Homemade lard is a traditional way of taking fat and turning it into a very diverse and useful ingredient. Use of traditional lard is shown to improve heart health and reduce depression. This method will work with fat from any animal.
Check out my 10-part series on taking a full pig to a half pig! More videos about butchering to come. Click Here!
MATERIALS TO MAKE LARD:
You are going to need to melt the fat very slowly and at a low heat. So, a crock pot or turkey cooker works well for this application. Although, you can also do it in a standard pot but it is best to mix it with water to keep the temperature down.
- Crock pot, slow cooker, turkey cooker -OR- standard deep pot, canning pot works well
- Slotted spoon
- Coffee filters, old clean shirt, or cheesecloth
- Meat grinder (optional but makes things much easier overall)
- Mason jars or some other kind of container, including used yogurt or margarine containers
- Rubber bands (optional)
INGREDIENTS TO MAKE LARD:
Given that there are 2 ways of making lard, the ingredients will vary. But neither is uncommon difficult to obtain.
For the good old way of making lard you will only need:
- Pork fat
Thats it! Just pork fat to make lard. The reason for this is because all you are doing is melting fat.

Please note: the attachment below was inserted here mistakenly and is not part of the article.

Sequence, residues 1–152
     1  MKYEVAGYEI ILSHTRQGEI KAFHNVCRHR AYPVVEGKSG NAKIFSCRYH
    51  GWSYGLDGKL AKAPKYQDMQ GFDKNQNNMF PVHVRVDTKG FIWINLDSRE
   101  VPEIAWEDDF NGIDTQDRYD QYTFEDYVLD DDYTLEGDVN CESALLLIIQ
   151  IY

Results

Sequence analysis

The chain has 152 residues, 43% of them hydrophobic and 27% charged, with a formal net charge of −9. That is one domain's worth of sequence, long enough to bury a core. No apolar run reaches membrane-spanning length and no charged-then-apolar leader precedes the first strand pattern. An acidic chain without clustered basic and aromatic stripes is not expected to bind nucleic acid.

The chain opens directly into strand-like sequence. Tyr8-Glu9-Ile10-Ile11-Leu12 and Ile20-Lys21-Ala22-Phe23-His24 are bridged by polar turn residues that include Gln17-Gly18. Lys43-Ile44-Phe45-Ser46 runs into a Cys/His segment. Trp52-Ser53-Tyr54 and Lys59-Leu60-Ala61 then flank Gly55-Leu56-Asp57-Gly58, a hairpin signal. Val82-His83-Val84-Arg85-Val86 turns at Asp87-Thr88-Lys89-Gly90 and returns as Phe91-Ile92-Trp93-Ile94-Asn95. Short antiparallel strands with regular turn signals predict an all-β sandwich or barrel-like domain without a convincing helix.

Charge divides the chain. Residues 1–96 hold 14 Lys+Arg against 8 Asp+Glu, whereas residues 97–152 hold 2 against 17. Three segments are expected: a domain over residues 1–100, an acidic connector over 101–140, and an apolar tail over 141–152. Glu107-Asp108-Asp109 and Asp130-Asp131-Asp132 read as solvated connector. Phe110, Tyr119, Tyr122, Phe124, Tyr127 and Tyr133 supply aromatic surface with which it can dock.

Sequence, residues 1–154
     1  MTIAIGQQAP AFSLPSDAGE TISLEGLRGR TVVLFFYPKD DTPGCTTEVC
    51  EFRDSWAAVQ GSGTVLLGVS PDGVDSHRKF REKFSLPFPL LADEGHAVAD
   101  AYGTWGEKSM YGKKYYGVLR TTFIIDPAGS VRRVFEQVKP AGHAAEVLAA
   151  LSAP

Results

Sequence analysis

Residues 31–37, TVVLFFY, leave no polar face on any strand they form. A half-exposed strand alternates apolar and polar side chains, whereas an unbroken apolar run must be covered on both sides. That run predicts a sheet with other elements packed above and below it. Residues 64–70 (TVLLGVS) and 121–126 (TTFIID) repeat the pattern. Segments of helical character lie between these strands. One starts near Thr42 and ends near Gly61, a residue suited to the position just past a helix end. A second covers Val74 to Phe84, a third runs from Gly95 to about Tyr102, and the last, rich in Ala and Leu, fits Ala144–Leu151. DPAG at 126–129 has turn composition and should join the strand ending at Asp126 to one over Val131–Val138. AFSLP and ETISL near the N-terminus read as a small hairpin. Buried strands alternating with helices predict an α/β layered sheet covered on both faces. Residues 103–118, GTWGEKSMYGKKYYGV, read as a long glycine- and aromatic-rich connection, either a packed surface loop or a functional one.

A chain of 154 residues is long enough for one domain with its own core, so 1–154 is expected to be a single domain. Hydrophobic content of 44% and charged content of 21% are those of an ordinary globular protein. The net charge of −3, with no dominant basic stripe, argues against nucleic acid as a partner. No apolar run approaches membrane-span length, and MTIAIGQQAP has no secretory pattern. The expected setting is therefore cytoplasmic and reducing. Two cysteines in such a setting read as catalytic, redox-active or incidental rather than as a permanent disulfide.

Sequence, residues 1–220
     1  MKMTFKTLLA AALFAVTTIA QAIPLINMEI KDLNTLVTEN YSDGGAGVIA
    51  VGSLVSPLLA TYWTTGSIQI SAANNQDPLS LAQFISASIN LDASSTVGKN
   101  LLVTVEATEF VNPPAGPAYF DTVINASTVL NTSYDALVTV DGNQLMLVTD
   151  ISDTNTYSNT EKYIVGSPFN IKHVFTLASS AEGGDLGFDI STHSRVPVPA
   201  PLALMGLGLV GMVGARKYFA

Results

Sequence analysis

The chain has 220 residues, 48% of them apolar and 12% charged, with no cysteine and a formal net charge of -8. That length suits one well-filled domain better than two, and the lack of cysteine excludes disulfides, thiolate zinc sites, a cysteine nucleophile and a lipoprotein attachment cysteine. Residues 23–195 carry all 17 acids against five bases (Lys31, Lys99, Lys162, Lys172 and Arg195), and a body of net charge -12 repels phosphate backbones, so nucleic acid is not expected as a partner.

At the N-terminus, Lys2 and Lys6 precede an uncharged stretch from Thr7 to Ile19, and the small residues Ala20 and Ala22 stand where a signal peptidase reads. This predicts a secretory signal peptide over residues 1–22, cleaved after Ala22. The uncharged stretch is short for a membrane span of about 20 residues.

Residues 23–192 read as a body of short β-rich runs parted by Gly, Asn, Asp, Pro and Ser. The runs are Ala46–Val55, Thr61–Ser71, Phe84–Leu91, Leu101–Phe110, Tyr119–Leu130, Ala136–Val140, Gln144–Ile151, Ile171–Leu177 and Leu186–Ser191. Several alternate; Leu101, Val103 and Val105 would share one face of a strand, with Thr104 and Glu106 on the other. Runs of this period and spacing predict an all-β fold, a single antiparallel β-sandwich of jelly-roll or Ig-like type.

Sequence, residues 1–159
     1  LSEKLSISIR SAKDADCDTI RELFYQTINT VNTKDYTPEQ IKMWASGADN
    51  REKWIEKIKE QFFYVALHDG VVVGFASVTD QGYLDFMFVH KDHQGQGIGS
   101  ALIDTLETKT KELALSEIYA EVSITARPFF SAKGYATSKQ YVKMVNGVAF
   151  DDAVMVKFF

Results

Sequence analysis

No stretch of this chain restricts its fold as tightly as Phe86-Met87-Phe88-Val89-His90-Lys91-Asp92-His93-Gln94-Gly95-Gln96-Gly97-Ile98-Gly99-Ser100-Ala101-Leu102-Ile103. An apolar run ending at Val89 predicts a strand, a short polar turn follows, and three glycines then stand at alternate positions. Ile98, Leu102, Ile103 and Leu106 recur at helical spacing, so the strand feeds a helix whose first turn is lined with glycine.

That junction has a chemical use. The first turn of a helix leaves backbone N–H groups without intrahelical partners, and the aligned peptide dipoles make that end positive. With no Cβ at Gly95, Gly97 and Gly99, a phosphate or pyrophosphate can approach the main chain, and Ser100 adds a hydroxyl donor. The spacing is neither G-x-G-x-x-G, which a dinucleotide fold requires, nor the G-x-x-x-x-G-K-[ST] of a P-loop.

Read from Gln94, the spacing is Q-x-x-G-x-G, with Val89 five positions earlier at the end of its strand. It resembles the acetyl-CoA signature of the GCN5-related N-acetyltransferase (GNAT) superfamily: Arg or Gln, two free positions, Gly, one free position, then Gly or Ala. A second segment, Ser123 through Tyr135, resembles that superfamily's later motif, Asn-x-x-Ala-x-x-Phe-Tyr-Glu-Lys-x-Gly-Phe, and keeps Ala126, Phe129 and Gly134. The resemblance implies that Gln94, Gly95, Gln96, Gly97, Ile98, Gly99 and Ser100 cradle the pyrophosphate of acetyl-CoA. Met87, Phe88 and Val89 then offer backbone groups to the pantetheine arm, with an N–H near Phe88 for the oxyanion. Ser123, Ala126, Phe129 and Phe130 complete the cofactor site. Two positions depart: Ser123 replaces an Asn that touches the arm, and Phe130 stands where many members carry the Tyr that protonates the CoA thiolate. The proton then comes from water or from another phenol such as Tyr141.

For the other method making lard, you will only need 3 ingredients
- Pork fat
These recipes vary slightly for a few simple reasons which I will get to later on.
HOW TO MAKE HOMEMADE LARD:
The steps and concepts of lard making are easy to grasp. Though people make it sound more difficult than it really is.
The few steps that we need to focus on are the following.
- Grind fat or cube fat into 1/2 inch chunks
- Melt the fat at a very low heat being careful not to burn it as this will give an off or porky taste to lard
- Ladle it into containers for storage, let it cool, and then use it for various different things
Now the way that you heat it up is going to be up to you. So, whatever you can melt lard in is good enough and you do not need anything fancy.
- Grind or cube fat
Here is how my setup looks.
Basically, I like to grind my fat because it breaks down the fat to a very small size. This will make sure that it melts quickly, evenly, and thoroughly.
I cut my fat into strips that will fit in my meat grinder. For my grind, I do once through the grinder on the finest grind that I can.
If you don’t have a meat grinder, this is where you can slice your fat into about 1/4-1/2 inch cubes.
At this point, you should be grinding up all of the fat that you are going to render.
2. After all of the fat is ground down, next is time to begin melting it
This will be a rather slow process. But I will be showing multiple ways of doing it so that you can do it one way or the other depending on how long you have.
TRADITIONAL WAY OF RENDERING LARD:
So the traditional way of rendering lard is simple. Place the fat into a pan and cook it down, and scooping out the clean lard as it melts.
For the traditional example, I am using leaf lard which is the cleanest and finest quality lard on an animal.
Put the ground lard inside of the turkey cooker and turn it on the lowest temperature setting. Then you will see the clean liquid lard start to separate from the pieces of membrane which contained the fat.